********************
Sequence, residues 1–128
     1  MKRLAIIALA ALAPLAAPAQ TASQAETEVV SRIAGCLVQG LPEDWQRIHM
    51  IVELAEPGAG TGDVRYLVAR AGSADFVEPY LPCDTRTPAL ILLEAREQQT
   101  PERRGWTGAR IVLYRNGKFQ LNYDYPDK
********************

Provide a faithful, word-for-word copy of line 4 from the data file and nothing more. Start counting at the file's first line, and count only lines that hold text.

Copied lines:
   101  PERRGWTGAR IVLYRNGKFQ LNYDYPDK